Today we’re bringing you another round of He Said/She Said. These posts are really your chance as readers to hear how discussions (and sometimes disagreements) play out when managing our lives with each other. For a look at some of the past He Said/She Said discussions – check ‘em out here.
This past weekend, Mr PoP and I joined the 1500’s and attended our very first Berkshire Hathaway annual shareholders meeting. Mr PoP has been an avid reader of everything Buffett for many years, and while I’ve always liked what I’ve read (newspaper articles, etc) about the man and his company, I was never interested enough to want to read the 800+ pages worth of Berkshire Hathaway Annual Letters that Mr PoP has read (some multiple times) over the years, not to mention multiple books on Buffett and Munger. But, with Buffett now an 83-year-old, and Munger now 90 (90!), we knew we couldn’t postpone visiting the Oracle of Omaha for much longer and decided to go for it.
So what did we think of the trip?
In short, one visit, and we’re hooked. Perhaps we got hoodwinked by unseasonably lovely weather in Omaha, but we are already planning on going again next year and making this a yearly trip. That said, we each walked away with different takeaways on the weekend.
First off, big thanks to the 1500’s for letting us use their tickets. Mr. and Mrs. 1500 were an absolute blasts to hang out with, and one of the reasons the weekend was so enjoyable; check them out at 1500days and ask Mr. 1500 about his dinosaur!
What I learned:
1.) The thing that I struck me the most was the the timeframe that Buffett and Munger operated in. Quarterly numbers were basically non-events; yearly numbers were only of vague interest; Buffett and Munger used a 5 year time frame as the smallest amount of time you could draw useful comparisons from regarding their performance vs. the broader market. I like to think that Mrs. PoP and play the long game, but this was eye-opening! If Charlie and Warren were evaluating our performance against our peers they would likely say something to the effect, “early returns are promising.”
2.) Midwesterners are some of the nicest people int he world. We used AirBnB to stay at an apartment that belonged to a law student-he made us feel very, very welcome, had decorated his door with the different BRK logos, and had laid out different books on the topic of Buffett and BRK on the coffee table. He even offered us tickets to the baseball game that night! Sure, the geography is boring, and the weather can be brutal, but the people are great out there.
3.) These guys love each other, what they do, and what they have built. Buffett and Munger acted like an old married couple on stage, and obviously share a pretty deep connection. I think that Munger actually got wistful at one point while he was talking about how Berkshire will live on after he does. I wonder if I’ll be able to look back in my 90’s at something that I’ve built that will live on after I’m gone.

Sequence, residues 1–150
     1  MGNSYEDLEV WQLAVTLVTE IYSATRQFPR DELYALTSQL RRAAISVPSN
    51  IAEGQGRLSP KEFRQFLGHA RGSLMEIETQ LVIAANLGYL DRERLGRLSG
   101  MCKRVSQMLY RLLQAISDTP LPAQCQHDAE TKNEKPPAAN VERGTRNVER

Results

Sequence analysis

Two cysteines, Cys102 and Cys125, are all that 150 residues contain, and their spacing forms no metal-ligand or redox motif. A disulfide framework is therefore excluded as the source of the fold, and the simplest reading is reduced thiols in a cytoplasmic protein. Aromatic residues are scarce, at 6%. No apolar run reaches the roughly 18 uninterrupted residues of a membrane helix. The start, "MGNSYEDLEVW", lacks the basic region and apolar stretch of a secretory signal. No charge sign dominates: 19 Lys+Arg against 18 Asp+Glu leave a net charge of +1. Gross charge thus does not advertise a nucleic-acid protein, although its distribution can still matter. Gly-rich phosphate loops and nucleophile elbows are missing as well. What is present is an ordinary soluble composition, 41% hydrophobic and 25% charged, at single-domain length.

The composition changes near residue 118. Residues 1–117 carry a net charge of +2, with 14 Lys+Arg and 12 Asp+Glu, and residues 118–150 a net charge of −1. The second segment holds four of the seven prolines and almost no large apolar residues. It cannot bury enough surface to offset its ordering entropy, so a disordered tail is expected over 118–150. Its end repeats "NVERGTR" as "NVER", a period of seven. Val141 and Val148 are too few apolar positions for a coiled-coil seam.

I think the biggest takeaway from the 6-hour long Q&A session with Warren Buffett and Charlie Munger is just how much of a team they really are. Being just a casual observer of Berkshire Hathaway over the years (and not a true devotee the way Mr PoP is), I had never really learned much about Munger. It’s always Buffett, Buffett, Buffett, and very little mention of Munger ever makes it to the news. However, there were several points at which it became clear that they are truly a team.
1. Verbose and Taciturn Both Have Their Place. Buffett is very clearly the talker among the pair, while Munger’s taciturn manner seems to have turned into a bit of a joke over the years. Some audience members even giggled when Munger followed up Buffett’s lengthy answers with abrupt statements like “I agree” or “I have nothing to add”.
2. Qualitative and Quantitative Evaluation Methods Are Both Needed. I’ve always heard about the quantitative aspects of Buffett’s investing style – and his long love affair with Benjamin Graham’s very quantitative “value investing” style. So it was interesting to hear Buffett talk about how that quantitative style has been augmented over the years by Munger’s qualitative investment approach. It seemed as though it was the combination of these approaches more than any one over another that were responsible for the success of BRK.
3. Which Came First, The Agreement, Or The Years Of Working Together? After years of working together, Buffett and Munger agree on virtually every business decision. Though I also wondered in a chicken/egg manner if it was in part because they reached similar conclusions so often that their business partnership and friendship had endured as long as it has. Either way, it was very interesting to see that they both reached the same conclusion, though occasionally via different means on many discussions.
It was really this view into a 50+ year business partnership that I found myself reflecting upon again and again on over the weekend and thinking about Mr PoP and me. While it’d be tough to pin either of us down strictly as a “Charlie” or a “Warren”, (Mr. PoP Edit-thats a bunch of crap-she is obviously the quantitative Buffett, I’m Munger) the vibe of taking complicated and hard scenarios, and working on them together with different strengths really hit home, even though we’ve only been in a financial partnership (marriage) for about 1/10th of the time that Charlie and Warren have been. But hopefully the strength of their friendship and partnership bodes well for ours, since I wouldn’t mind another 45+ years with Mr PoP.
PS – And next year I’d love it if we can finagle a later flight so I can participate in the Invest In Yourself 5K (the running shoe company Brooks is owned by BRK) that Warren Buffett pulls the starting gun at.
Who’s up for joining us at next year’s BRK Shareholder Meeting!?! We’re all running the 5K!